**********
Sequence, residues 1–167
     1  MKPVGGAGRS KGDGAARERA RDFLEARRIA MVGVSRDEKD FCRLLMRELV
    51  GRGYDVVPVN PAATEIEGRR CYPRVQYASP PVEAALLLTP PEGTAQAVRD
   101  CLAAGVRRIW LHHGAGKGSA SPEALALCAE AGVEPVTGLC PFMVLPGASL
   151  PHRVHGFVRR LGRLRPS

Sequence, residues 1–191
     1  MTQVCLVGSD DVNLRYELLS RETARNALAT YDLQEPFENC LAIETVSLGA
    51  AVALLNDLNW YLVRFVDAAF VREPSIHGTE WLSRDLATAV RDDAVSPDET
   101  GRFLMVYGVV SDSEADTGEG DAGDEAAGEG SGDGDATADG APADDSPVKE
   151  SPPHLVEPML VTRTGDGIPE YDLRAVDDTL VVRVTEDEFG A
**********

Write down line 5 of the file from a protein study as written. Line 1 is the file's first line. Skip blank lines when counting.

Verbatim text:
   151  PHRVHGFVRR LGRLRPS